God in the Tubes

April 5, 2010 — 9 Comments

As I have mentioned several times this year, I am on half-sabbatical through the end of 2010. The key project I am working on during this time is the writing of a book of the use of the Internet and social media for ministry. The book will be based on the research and experiences I have had over the last four years as I have spent much of my time focusing on Internet ministry.

I am not writing the book as a “how to” book that tells you how to create a website or Facebook page. Instead, I am aiming for a higher road: this book will talk about a philosophy (or dare I say a theology) of using the Internet for ministry.  It will cover strategy and planning.  The primary audience for the book will be anyone who wants to use the Internet or social media for ministry. It will give them an introduction to how to think and plan for doing so. Even those who already have an online presence will get value from this book as it makes them think deeper and differently about the Internet.

I also have another audience: students. This will be the primary textbook for the course I am teaching this summer. I hope to teach this course regularly, possibly every summer. I am also looking into to developing a certificate level program in online ministry, for which this book would be a text as well.

After a couple of months working on it, the book is starting to take shape. From time-to-time, I will begin sharing parts of what I am writing on this blog, with the hope that I can get some feedback on what I am putting in the book. Today is the first such post!  So, please, if you have a comment on what I am putting together, post it.

Oh, and the name of the book? God in the Tubes: Using the Internet and Social Media for Ministry. At least that is the working title for now.

What is the Internet? As I approach this subject in my information systems courses, I ask my students this question. “We all understand what we mean by the Internet, ”  I say, “but can you actually define it?” At this point,  I usually get a lot of blank stares. Finally someone will offer up “web sites” and someone else will add “a network to connect computers.”  How about you? How would you define “the Internet”?

On June 28, 2006, in the US Senate, Senator Ted Stevens (R-Alaska), was debating a bill in the Senate regarding regulation of the Internet.  In his speech, he described the Internet this way:

“They want to deliver vast amounts of information over the Internet. And again, the Internet is not something that you just dump something on. It’s not a big truck. It’s a series of tubes. And if you don’t understand, those tubes can be filled and if they are filled, when you put your message in, it gets in line and it’s going to be delayed by anyone that puts into that tube enormous amounts of material, enormous amounts of material.”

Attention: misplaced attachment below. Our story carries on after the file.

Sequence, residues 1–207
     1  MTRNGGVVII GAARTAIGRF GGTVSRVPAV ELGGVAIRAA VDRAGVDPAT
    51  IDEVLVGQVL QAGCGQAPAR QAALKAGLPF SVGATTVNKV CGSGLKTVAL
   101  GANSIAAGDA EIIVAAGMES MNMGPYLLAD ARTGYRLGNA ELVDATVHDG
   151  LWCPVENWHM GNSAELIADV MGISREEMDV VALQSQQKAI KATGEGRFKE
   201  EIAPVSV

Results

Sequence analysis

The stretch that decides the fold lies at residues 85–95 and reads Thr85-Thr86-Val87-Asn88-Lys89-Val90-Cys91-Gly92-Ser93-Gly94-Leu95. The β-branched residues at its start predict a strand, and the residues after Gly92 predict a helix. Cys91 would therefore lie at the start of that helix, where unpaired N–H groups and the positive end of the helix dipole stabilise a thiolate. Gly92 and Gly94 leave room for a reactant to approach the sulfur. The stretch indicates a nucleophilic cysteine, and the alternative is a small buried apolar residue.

Senator Stevens’ “series of tubes” remarks has been widely repeated and mocked for its lack of understanding of how the Internet actually works.   His description of the Internet has become a running joke even to this day. Google refers to one of its products (called “Google Gears”) as the “gears that power the tubes.”  (note to blog readers, you can hear this speech via YouTube here).

Initially, the Internet was developed as a computer networking platform that enabled computers to communicate. But that definition is no longer enough. Now that the Internet can be accessed on mobile devices, automobiles, and through your television, we have to expand this definition to go beyond computers.

So, what is the Internet? Simply put, the Internet is a platform for enabling communications and applications over a digital network. I know that is not the official, technical definition, but it is what the Internet has become today and it is the one we will be using in this book as we work to understand how to best utilize it for ministry.

Though it was originally designed to enable computer communications, the real power of the Internet began to emerge when it allowed person-to-person communication. The first sign that this was going to be the case was with the invention of electronic mail, or E-mail.  When this “simple hack” was first released in 1971 by Ray Tomlinson, it took over the Internet (called ARPANet in those days).  The engineers and academics who put the ARPANet together could not believe it!  Email quickly became the most popular use of this new technology; it was the “killer app” that drove its growth beyond just scientific use and started its use mainstream.

Over the next four decades, we have seen the same pattern hold true:  Internet technologies that connect people together have driven the use of the Internet and associated technologies to new levels.  From instant messaging to Skype to MySpace, this has continued to be the case. As of the time of this writing, in fact, we are seeing the explosion in users of Facebook, the latest Internet application that allows people to connect.